Newspaper Page Text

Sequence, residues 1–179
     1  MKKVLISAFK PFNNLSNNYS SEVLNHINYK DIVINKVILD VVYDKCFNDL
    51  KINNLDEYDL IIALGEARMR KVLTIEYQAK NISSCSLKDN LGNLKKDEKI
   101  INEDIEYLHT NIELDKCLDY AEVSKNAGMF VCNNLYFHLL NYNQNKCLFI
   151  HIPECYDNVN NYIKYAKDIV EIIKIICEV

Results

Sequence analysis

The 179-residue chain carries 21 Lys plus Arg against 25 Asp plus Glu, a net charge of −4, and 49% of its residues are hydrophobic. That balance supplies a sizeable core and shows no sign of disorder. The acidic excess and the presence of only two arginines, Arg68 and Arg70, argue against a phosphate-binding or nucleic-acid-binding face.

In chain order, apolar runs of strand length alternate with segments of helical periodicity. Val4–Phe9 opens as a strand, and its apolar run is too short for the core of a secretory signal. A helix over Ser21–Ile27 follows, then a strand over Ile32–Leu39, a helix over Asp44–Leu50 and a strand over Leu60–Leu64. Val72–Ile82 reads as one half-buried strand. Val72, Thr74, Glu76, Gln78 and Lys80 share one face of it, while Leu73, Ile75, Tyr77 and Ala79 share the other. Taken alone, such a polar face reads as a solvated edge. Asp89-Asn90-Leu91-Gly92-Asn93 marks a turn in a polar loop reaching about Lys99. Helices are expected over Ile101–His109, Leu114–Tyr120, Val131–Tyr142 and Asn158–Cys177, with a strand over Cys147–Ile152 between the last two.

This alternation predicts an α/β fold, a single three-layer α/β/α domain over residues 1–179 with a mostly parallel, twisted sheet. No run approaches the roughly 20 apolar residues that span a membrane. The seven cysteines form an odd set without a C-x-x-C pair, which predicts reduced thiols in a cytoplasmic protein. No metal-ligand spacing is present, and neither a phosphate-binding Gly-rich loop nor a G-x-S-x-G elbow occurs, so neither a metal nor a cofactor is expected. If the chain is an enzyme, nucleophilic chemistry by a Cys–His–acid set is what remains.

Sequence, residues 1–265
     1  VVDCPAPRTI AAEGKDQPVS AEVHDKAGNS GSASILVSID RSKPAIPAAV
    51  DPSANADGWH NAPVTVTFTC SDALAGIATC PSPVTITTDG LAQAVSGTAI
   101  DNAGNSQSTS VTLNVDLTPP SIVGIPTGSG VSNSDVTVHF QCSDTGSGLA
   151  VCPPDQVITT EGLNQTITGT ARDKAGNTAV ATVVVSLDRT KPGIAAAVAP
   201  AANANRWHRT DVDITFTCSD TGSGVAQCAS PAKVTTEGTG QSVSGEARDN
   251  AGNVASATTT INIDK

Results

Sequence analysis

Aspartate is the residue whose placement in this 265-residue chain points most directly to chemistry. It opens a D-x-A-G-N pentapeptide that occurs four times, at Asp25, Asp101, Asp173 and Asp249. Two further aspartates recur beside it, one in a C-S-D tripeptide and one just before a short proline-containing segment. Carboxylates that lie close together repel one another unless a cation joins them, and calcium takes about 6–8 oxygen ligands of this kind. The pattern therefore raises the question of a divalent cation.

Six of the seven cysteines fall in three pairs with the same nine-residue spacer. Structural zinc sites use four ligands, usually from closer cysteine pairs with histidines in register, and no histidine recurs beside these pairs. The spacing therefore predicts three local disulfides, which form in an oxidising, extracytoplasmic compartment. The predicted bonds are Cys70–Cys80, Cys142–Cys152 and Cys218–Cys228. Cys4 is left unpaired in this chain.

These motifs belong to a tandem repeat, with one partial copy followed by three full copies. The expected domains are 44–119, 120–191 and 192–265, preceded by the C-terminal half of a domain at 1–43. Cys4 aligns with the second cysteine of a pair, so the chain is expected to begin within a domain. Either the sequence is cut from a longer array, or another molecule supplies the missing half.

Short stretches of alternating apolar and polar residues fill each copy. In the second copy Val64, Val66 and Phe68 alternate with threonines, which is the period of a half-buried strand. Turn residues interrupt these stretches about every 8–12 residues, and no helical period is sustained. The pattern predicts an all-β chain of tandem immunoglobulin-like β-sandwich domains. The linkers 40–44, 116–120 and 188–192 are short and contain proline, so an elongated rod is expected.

UNSETTLED AND COLDER. Greatest Interest Centers in Chicago-MiQDKota Struggle Michigan and Syraose Will Engage in Gridiron Conflict (By Associated Press.) CHICAGO, Nov. 4—Nearly all the leading university football teams of the middle-west, were scheduled to play today and it was expected that those eligible to the "Big Eight" con ference championship might be nar rowed by the results. The most in. terest among the conference universi ties was displayed in the game be tween Chicago and Minnesota at Min neapolis. Minnesota's superior weight, pres tige of last years championship, and abundance of good subsitutes, inspired confidence in the Gopher adherents. The Chicagoans based their hopes on the variety of brilliant new plays •aid to have been evolved by coach Stagg and learned to perfection by Another game between the confer ence elevens, that of Illinois and Pur due, at Urbana, was expected to show just how Illinois stands. West of the conference belt, the main interest cen. tered on the games between Missouri and Oklahoma, while eastwardthelead ing game was that bringing together1 Michigan and Syracuse. Other games scheduled for the midle-west are: Case and Ohio, at Columbus. Iowa State and Nebraska, at Ames. Northwestern: College and Lawrence at Watertown. (Special to the Tribune) VALLEY CITY, X. D., Nov. 4—The meeting of the executive committee of the State Progressive league was mittee in Fargo. LaFollette was en campaign to secure delegation for him tt the March preliminary. Many speak ers a 5 S FOOTBALL GAMES TODAY ATTRACTING ATTENTION the fast team, which has plenty of blind boys and 150 wounded persons, kicking talents Wisconsin, victorious last year over Northwestern, who is the only con ference team idle today, felt confi dent of further victory in its same with Iowa, at Madison. Marquette and Villa Nova at Mli- waukee. PROGRESSIVES AT VALLEY CITY attended by about'100 prominent can- Browne former minority leader in the .... ,. Illinois legislature, testified today be didates and politicians and held an all, dorsed and plans laid for effect ve 4 are comintg into tho state during the next four months, and funds will be raised to make an organized fight! I expect to pay for the Wisconsin man in every pre seemardf t. be£divide betwee« Buchan-,'defense. an and Bendeke for governor with a preference for the former. Baker was present and cons-anted to become a candidate for lieutenant governor if the demand was for him in that position, and withdraw from the gubernatorial race. INDIANA DANK IS SHORT OF FUNDS (By Associated Press.) GOES TO MONTANA. Miss Emma Scott of Glenview town ship has resigned her position at Wim bleton and gone to Dillon, Mont., where she will teach physical ^lture in the state normal school. The young lady is a graduate of the Valley City normal'and formerly resided in Bis marck. DESTROYED WHEN Feared that Many Foreigners Nay Have Perished in the Flames Red Cross Relief Ship is Driven back by Wither ing Volley (By Associated Press.) HANKOW, China, Nov. 4—via Wu Hu—Almost the whole native city of Hankow is afire this morning and it is feared that the Wesleyan mission near the Han river, in which are fifty who, with the staff of the mission, make up a total of three hundred persons, was destroyed. Dr. Booth, head of the mission, asked the imperialists to grant an ar mistice of two hours to permit the (Continued on page 8.) DROMSTATES THAT LORIMEU GAVE HIM HELP Says He was Loaned Money When He was on Trial for Bribery Name of Another Chicagoan is Also Mentioned on the Stand (By Associated Press.) CHICAGO Nov. 4.—Lee O'Neil fQre a it of he Un night meeting in the city last night, estates senators investigating the Lor The result was the location of the, imer election, that Senator Lorimer headquarters of the campaign com personallythborBrowne S Browne's examination was the committee. ROCHESTER, Ind., Nov. 4—After the state bank examiners had closed the Citizens Bank at Akron, Ind.. ten miles east of this city, and had an- team has come to town confident that nounced that its funds were short it will reap ample revenge for past de about thirty-five thousand dollars, to- feats day, Howard Harter, the bank's cash ier, came here and obtained the sher iffs permission to stay in the county jail until an inquiry into the institu tions affairs had proceeded further. THIBTY-FIBST TEAR BISMARCK, NOETH DAKOTA, SATURDAY NOVEMBER 4, 1911. ited a portion thte exo pense of defensfe a tw bribery trials wherein Browne was, a S a to untarily offered to aid me," said =t»Vl H.,Hmr' Browne, "and I accepted. nn his aid. gave him no note or other security, him back aa soon as^™n?m ., •„!,„„ ,.„i„«„„ ator Lorimer loaned him, but he said No action was taken relative Jo- be again taken up at Fargo on Mon- minority leader's not state how much Ben- OT a CRIMSON WILL MEET TIGERS (By Associated Press.) PRINCETON, N. J., Nov. 4—Prince ton and Harvard play football for the first time in ten years. In all, Har vard has met Princeton sixteen times on the gridiron and of these games has won only three, Princeton captur ing twelve, while one was a tie. Princeton is anxious to maintain her old supremacy while the Cambridge DAVIS CONES OUT F08 CONGRESSMAN (Special to the Tribune) By the Governor: MINOT, N. D, Nov. 4.—Judge Nehe miah Davis of Ward county court to day formally announced that he is candidate for the Republican nomina tion for congressman from the new had been constructed and the explo- Third congressional district. sions wer© caused in them. The pres- (By Associated Press.) CHICAGO, Nov. 4—Mr. and Mrs. Henry Letech, and their son Leroy, were found dead today in their home in Irving Park, a residence suburb. Fhysidians declared they had died from mushroom poisoning. =ro MUSDROONS ARE FATAL TO THREE THANKSGIVING PROCLAM-* TION In accordance with the beautiful and appropriate custom of setting aside a special day after the har vests are garnered each year, us a day upon which we can make manifest our gratitude to God for mani fold blessings and in srateful recognition of His goodness and mercy and our dependence upon Him or all that is spiritual and material, and that we may unite as a people in thanksgiving for blessings bestowed and in prayer for a continuance of Divine favor, I, John Burke, Governor of the State of North Dakota, do hereby designate and proclaim the day set apart by President Taft, namely: THURSDAY, NOVEMBER 30, 1911 As a legal holiday and a day of general thanksgiving and prayer throughout the state. The year now nearly gone has been one of peace and plenty in State and nation peace at home and abroad, almost universal peace plenty almost beyond the capacity of the country. Providence has smiled upon us with a bountiful harvest and has withheld pestilence and disaster we have prospered in all material things and opportunities for industry and thrift are unsurpassed. There is a just appreci ation of the great responsibilities of citizenship, a high tone of public morals and probity, and a whole some respect for the majesty of the law that makes life and propertysafe. Divine Guidance is lifting the whole people up to a higher, healthier moral plane and pointing to higher ideals in public life. Let this day be a day of homecoming, a season of kindness and good works, of benevolence and broad charity, of reconciliation, foregiveness, and mutual helpfulness. Let us gather in church and home, remembering the peace and prosperity that is ours, forgetting and forgiving all bitterness to wards one another, and in true Christian spirit of good-will to all men and gratitude to God, unite in praise and thanksgiving to Him f0r all His goodness and mercy, and fervently beseech Him to bless and preserve our people, our State and our Nation, that we may go forth strengthened to do our work well. By the Governor: .*. JOHN BURKE, P. D. NORTON, Secretary of State. A 4 4 4 (By Associated Press.) ident himself touched a button that president during the experiments. Be PITTSBURG, Nov. 4.—President caused one explosion, after which res- fore the exhibitions on Forbes field Taft was deeply interested in the ex-' crews equipped with oxygen hel- the president was present when Mrs mets entered the galleries and brought Alice Roosevelt Longworth p.osiong and mine rescue work at Forbes field under direction of the bu reau of mines. Experimental galleries out dummies, to which first aid was extended. Director of Mines J. A. Holmes, Governor Tener of Pennsyl vania and Miss Mabel Boardman, bead of the Red Cross, were with the Given under my hand and the Great Seal of the State, at the Capital in Bismarck, this fourth day of November, A. D. 1911. Gophers Defeat Chicago in Fierce Gridiron "Battle Final score—Minnesota, 30 Chicago, 0. SCORE BY QUARTERS. End first quarb&r-i-Minnesota, 9 Chicago, 0. End first half—Minnesota, 14 Chicago, 0. End third quarter-f-Minnesota, °5 Chicago, 0 •$•:•» s» ••«& MINNEAPOLIS, Nov. 4.—Northrop field was the scene of a struggle of two giants of the gridiron this after noon when the Gopher* m-et the Ma roons in the big game of the day be (Continued on page 8.) President Taft at Mine Explosion Experiments in Pittsburg* Christened by Mrs. Alice LongWorth ©tribune. ,•. Governor. MINISTERS SIGN UP AGREEMENT BETWEEN FRANCE AND GERMANY (By Associated Press.) BERLIN, Nov. 4.—The Morocco and French Congo agreement between France and Germany was signed by the German minister of foreign af fairs. Her Von Kidderlan-Weacbter, an the French ambassador to Ger many, M. Calbon, late this afternoon. 'Steamboat SERIOUS CHARGES FACE FOURTH VENIRE DRAWN IN THE MHiAMARA CASE Only Five Men of the Venire Asked to be excused from the Jury Son inlaw of General Otis is Among Those Who Were Empanelled (By Associated Press.) LOS ANGELES, Nov. 4.—Only five men out of the fuorth venire drawn in the McNamara trial presented an. excuse today, pleasing Judge Walter Bordwell in his primary examination, ne of them, Harry Chandler, a son in-law of Gen. Harrison Gray Otis, pioprietor of the Los Angeles Times, was excused only temporarily. Fif teen men in the venire of 40 were not found so that 20 veniremen remained for service. This is about tbe usual proportion. KELLOGGTAYS TAFTWILL HAVE EASVJICTORV Trust Buster of St. Paul is Enthusiastic Over the Outlook Can See No Reason for Apprehension at the Rresent Time (By Associated Press.) DULUTH, Nov. 4—"I do not believe that the outlook is black for the re publican party. I believe the pary's chances are better at the present time that they have been at any period in the past four years." said Frank B. Kellogg, the "trust buster" of St. Paul, and who has been mentioned as a pos sibility for the supreme court. "I think the president must have either been misquoted or else misunderstood at Chicago, I can see no reason for misapprehension at present.. There is much talk regarding the existence of business depression. That is all rot. Conditions are normal. I be lieve that Taft's transcontinental trip has done him a world of good polit ically. He is a remarkable man and has handled exceptional and trying in-1 caped. chris- tened the New Orleans, a replica of the first steamboat, to navigate the western rivers. It was built 100 years ago by Mrs. Longworth's great-grand father, Nicholas J. Roosevelt. WENT TO IOWA. John F. Fort, register of deeds, left this afternoon for Minnesota and Iowa and will visit friends some time. He has a brother in Iowa who is sick. WENT TO FARGO. Judgo E. B. Goss departed Saturday morning for Fargo and Grand Forks, and from there he will go to Minot, where he will spend a day or so. LAST EDITION cidents which have occurred during Louis Vermillya. although Coroner his administration in an exceptional Hoffman has satisfied himsejf that manner. I believe that he stands as Bissonette died by arsenic poisoning, good a chance as anyone of receiving, and a warrant charging the murder the republican nomination and that has been issued for the woman. The means certain election." evidence against her thus far is pure ly circumstantial. Arthur Bissonnette, MONTANA DANK IS HELD UPafteryedeath. GREAT FALLS, Mont. Nov. 4—A medicine taken from Mrs. Vermillya's lone robber yesterday relieved the home by the coroner are being an bank of Hedgeville, Mont., 100 miles, alyzed. south of here, of nearly $1,000 and es- Dr. Van Arsdale, who has been at- Joseph Dahl, assistant cashier, was since she became ill, reported this af the only person in the ban* when tiie ternoon that her condition had bg robber entered and covering the bank-, come^dangerous and that she had been er with a revolver, demanuv.-ed all the money in sight. Dahl was slow in complying and the robber fired over his head. Dahl hastily pushed the cash through the wicket. FIVE GENTS Joseph Zahursky Arrested on Complaint of Humane Officer Blake Faces Trial for Statutory Crime, Complainant Being His Daughter (Special to the Tribune) MAX, N. D., Nov. 4.—Joseph Za hursky, a homesteader, residing near this city, faces a long term in prison as a result of charges which have been preferred against him by State Hu mane Officer William Blake, who has been here investigating complaints which have been made. Zahursky faces three separate pris on sentences, if the various charges are prosecuted against him. He was arrested first for alleged wife beat ing. He was found guilty and fined $85 and sentenced to serve 45 days in jail. At the expiration of this term Humane Officer Blake has a second charge of wilful neglect of nonsupport of his family to prefer against him a third crime hangs over his head which bears a pententiary sentence. This is a statutory crime, and the complain ing witness is the defendant's 14 year old daughter. The conditions in the Zahursky home as found by the humane officer were most deplorable The $85 fine which was assessed against him on the first charge was used to purchase clothing for the four children who have been neglected. They are Paul, aged 2 William, aged 5 Sylvester, aged 7. and Jack, aged 8. In addition there is a daughter, Rudy, aged 14. Mrs. Zahursky will retain the cus tody of the children until she has proven up on her homestead after which it. is expected that they will be taken in charge by the humane offi cer who will endeavor to secure homes for them. WARRANT FOR MRS. VERMILLYA IS SWORN OUT Police Reach End of Rope in Investigating Myster ious Deaths Officials Think Woman Res ponsible for Series of Sudden Deaths (By Associated Press.) CHICAGO, Nov. 4.—The police ad mitted today they had practically reached the -end of their rope in their investigation into the death of Pa trolman Arthur Bisonnette, and the deaths of eight others, all of whom.' had been close associates of Mrs- Sr.. father of the dead policeman, to jday described Mrs. Vermillya's effort to obtain his son's body for burial after his death. An undertaker named C. C. Boyson was making read to move the body five minutes He said: *T protested at th hurry and she insisted that it would be better to move the bodr at once. I finally forbade them to touch it.' The contents of nine bottles of tending Miss Vermilya constantly attacked by a severe spell of nausea. MANDEL REPORTED GRADUALLY SINKING ATLANTIC CITY, N. J.. Nov. The condition of Leon Mandel, the Chicago business man who is- 111 at a hotel in this city, is grave and but lit tle hope for his recovery is enter tained. It is said Mandel was gradu ally sinking.